Yesterday I realized that I did not have a really good image of the monument itself. Pictures of that will be for another time, partly because I will need to go back to it and take some. ;) Meanwhile, this image shows some of the plant life around the overlook. This is similar to the appearance of the original prairie before pioneers brought their plows. Grasses and forbs mingled and competed for space and moisture. Between and around tightly placed plant stalks live insects and other critters, small and large, helping to form the prairie ecosystem.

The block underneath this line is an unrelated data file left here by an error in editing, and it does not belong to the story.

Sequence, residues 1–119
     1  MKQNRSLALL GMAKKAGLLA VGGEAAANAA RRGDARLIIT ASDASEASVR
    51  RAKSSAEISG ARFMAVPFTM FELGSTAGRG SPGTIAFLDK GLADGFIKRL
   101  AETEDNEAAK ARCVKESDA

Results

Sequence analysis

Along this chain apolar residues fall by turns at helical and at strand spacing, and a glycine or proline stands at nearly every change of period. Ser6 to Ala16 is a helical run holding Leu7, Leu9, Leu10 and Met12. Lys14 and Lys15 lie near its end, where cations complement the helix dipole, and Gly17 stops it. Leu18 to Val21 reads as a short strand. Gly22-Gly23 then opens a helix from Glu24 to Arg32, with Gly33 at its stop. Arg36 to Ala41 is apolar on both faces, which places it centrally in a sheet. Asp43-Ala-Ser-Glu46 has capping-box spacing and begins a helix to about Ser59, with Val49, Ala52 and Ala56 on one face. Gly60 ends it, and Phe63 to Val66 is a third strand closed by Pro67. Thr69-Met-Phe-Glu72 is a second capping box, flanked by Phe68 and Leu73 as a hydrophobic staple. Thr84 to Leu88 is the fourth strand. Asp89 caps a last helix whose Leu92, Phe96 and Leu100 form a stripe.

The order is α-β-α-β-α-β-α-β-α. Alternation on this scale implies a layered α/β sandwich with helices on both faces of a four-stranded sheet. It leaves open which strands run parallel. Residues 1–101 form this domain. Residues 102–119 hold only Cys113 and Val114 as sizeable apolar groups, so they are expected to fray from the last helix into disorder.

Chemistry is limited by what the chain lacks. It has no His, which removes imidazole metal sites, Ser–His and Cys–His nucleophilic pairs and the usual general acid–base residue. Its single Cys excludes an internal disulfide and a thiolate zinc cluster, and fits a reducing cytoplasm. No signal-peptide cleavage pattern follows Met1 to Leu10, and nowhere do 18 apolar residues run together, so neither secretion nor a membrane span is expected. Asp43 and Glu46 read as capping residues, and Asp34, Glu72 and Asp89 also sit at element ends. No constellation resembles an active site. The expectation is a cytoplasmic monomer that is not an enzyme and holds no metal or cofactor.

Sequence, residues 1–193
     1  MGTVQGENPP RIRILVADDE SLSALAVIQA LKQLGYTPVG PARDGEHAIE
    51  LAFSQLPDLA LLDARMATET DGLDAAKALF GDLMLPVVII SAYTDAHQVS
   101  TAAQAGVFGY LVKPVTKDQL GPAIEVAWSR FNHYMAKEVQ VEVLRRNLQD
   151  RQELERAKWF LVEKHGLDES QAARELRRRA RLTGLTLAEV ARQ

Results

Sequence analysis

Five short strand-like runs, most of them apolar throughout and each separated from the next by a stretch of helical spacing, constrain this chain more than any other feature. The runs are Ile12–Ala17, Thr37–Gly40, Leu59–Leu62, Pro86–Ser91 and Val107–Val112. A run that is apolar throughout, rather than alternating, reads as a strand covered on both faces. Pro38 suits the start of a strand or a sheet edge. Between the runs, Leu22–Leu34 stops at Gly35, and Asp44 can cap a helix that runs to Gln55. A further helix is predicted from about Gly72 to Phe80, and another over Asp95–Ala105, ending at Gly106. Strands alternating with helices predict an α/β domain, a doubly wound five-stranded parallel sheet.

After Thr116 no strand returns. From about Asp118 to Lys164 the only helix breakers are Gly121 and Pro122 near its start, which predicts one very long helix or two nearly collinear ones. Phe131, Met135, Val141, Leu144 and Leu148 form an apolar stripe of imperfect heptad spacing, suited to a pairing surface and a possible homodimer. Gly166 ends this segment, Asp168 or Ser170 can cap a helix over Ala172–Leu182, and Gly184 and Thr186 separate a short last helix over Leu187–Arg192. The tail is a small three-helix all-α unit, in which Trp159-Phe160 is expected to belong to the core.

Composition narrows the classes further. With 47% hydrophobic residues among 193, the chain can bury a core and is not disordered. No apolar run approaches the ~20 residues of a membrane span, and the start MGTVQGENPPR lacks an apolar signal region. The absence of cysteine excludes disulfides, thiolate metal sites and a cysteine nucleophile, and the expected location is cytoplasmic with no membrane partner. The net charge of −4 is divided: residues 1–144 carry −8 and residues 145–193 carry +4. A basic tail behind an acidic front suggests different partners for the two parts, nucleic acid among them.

The monument park and overlook are on the crest of a hill which is part of the Loess Hills, a 200-mile long narrow band running north and south on the Iowa side of the Missouri River valley. The Loess (pronounced "luss") Hills were formed over thousands of years from wind-blown glacial sediment. At the end of the last Ice Age, glaciers melted and drained into the Missouri River valley. The melt water carried “glacial flour” (rock pulverized to powdery consistency as the glaciers moved). The sediment formed mud flats which dried during the winters. Prevailing winds picked up the dried particles and carried them eastward. Heavier particles dropped on the eastern edges of the drainage area, eventually forming the hills on which we now build overlooks.
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